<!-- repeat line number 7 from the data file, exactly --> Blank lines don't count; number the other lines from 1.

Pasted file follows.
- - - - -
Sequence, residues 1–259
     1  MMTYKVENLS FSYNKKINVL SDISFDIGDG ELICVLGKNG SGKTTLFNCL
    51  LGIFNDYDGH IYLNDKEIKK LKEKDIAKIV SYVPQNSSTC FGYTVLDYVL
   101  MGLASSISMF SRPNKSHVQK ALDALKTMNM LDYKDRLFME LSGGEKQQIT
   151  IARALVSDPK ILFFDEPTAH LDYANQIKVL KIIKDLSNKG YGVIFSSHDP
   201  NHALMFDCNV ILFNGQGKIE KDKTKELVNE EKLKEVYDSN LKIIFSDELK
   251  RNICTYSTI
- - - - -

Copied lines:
   251  RNICTYSTI